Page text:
Background – Punch Rare Corojo
I recently received a couple samples of the seasonal Punch Rare Corojo release, which made its return in February. This year, the line sees two extensions – a permanent addition in the form of a 6.5” x 66 “El Diablo,” and a limited 6.75” x 56 tapered “Rare Lapiz.” Today we’re looking at the “El Diablo,” which retails for about $8.25 per cigar and will be packaged in the typical wooden cabinet box. The “Rare “Lapiz” will be available for a limited time and in special ten-count boxes.
The Punch Rare Corojo “El Diablo” comes adorned with an Ecuadoran Sumatran wrapper over a Connecticut Broadleaf binder and “a spicy blend of Nicaraguan, Honduran and Dominican tobacco for a uniquely-flavored, complex smoking experience.” Those who have been in the hobby for a while will remember that the Punch Rare Corojo was reintroduced in 2001 after a hiatus brought on by a shortage of wrapper leaf. General Cigar has been able to supply the market with a limited annual release since. The line is produced in Honduras and is now available in nine sizes (either full time regular production), ranging from $3.99 to $8.25 at retail.
The color on my samples of “El Diablo” ran slightly darker than medium brown, with only the slightest bit of the famous red tint for which the line is known. On one example, the wrapper had a bit of a rumpled appearance. The seams and veins were quite modest, and the pack was solid and consistent throughout with no noted dense or soft spots. Pre-light, the draw was free but deliberate and came with some mild hay flavor. The cold aroma was faint as well, and brought a more sweetness – think molasses or even sorghum.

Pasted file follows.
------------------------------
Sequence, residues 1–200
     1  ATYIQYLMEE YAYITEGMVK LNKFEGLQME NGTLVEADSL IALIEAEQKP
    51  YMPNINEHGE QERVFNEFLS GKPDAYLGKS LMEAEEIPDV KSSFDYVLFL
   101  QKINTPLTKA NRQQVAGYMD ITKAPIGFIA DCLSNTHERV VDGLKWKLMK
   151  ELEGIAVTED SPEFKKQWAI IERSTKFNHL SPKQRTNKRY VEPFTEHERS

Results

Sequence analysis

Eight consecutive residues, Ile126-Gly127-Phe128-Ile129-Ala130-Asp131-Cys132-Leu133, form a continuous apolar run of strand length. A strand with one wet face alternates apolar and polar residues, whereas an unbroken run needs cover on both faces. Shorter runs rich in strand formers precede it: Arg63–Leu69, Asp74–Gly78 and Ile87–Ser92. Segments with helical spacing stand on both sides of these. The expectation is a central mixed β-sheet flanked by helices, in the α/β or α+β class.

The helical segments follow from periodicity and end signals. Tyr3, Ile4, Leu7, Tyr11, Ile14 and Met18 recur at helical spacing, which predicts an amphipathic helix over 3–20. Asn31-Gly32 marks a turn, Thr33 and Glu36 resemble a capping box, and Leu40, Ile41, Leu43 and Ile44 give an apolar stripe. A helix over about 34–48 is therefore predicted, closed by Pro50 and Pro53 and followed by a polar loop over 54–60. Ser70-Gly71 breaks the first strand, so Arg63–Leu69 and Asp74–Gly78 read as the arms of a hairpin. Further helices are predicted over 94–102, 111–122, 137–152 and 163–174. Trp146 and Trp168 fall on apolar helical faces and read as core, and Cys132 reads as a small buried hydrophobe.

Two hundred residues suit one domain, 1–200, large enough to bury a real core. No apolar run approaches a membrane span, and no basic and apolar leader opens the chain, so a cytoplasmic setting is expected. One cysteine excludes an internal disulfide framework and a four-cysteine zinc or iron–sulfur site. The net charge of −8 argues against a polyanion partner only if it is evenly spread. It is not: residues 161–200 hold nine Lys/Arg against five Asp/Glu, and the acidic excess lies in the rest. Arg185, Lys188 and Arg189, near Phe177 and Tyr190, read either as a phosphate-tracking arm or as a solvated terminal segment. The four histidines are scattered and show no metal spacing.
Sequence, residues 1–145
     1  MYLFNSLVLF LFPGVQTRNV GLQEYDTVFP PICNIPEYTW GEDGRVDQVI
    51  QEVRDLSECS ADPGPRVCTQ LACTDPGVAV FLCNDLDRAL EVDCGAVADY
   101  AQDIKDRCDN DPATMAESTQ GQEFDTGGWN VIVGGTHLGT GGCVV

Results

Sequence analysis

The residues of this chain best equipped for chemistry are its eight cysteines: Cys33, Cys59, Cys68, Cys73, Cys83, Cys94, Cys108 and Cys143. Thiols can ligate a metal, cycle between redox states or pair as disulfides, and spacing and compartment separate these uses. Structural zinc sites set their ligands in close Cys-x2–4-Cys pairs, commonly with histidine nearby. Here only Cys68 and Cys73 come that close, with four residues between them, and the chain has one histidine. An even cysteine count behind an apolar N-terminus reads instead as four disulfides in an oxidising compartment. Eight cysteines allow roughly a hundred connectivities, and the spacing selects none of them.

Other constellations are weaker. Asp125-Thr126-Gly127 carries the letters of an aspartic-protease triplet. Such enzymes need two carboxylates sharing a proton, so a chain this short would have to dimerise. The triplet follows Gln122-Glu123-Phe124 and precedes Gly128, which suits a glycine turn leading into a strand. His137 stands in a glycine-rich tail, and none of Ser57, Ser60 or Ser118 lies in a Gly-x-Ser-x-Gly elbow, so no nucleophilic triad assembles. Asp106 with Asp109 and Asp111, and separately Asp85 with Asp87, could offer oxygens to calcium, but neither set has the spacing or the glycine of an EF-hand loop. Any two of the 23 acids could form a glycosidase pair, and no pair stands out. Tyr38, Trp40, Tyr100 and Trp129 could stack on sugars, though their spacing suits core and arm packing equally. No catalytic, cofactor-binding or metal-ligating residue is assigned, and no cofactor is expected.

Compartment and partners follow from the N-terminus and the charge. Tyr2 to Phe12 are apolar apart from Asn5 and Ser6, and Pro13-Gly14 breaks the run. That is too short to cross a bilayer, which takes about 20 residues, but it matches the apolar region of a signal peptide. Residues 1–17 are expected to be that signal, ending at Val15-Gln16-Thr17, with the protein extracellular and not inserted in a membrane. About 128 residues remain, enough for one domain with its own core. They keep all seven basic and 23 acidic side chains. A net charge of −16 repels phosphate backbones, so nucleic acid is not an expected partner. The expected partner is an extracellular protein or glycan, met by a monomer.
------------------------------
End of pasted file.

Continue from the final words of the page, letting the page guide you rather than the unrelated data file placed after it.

The initial puffs from this year’s Punch Rare Corojo are colored by a nice, sweetened-coffee flavor. The draw is near perfect, although smoke production is inconsistent during the early minutes. This Café Cubano flavor tendency would continue throughout the first third of each cigar. By the second third, a clean, almost minty flavor has peeked through a few times, but is still accompanied by the coffee. There is a bit of spice on the retrohale. The ash is generally well behaved, but prone to flaking and did fall prematurely a couple of times over the two samples smoked. The strength built during the midsection, but universally remained well within the medium range for my tastes. As the cigar progressed toward its final portion, the profile became more leathery, while continuing with the sweetness. The finish carries this sweetness as well, which was a nice surprise. Only during the final moments of the marathon 2.5 hour smoke session did the El Diablo give even a hint of being “done.” Some (very slight) burnt notes were the only indicator that it was time to put the cigar down.
While I’m not what you’d call a “fan” of bigger ring cigars, I found a great deal of enjoyment in the El Diablo – enough so that I’m intrigued enough to seek out some of the smaller vitolas in the line and revisit them. I have recently been very impressed with new Punch introductions – including both the El Diablo and the upcoming Signature (review coming soon). However, know beforehand that today’s cigar is not for the faint of heart – pound for pound it’s firmly in the medium range of strength, but at over 2.5 hours of smoking time it has quite a cumulative effect! I think the pricepoint is in a good place, and the experience provided is above-par. All in all, the blend is a winner and all you big-ring guys out there will likely love this stick.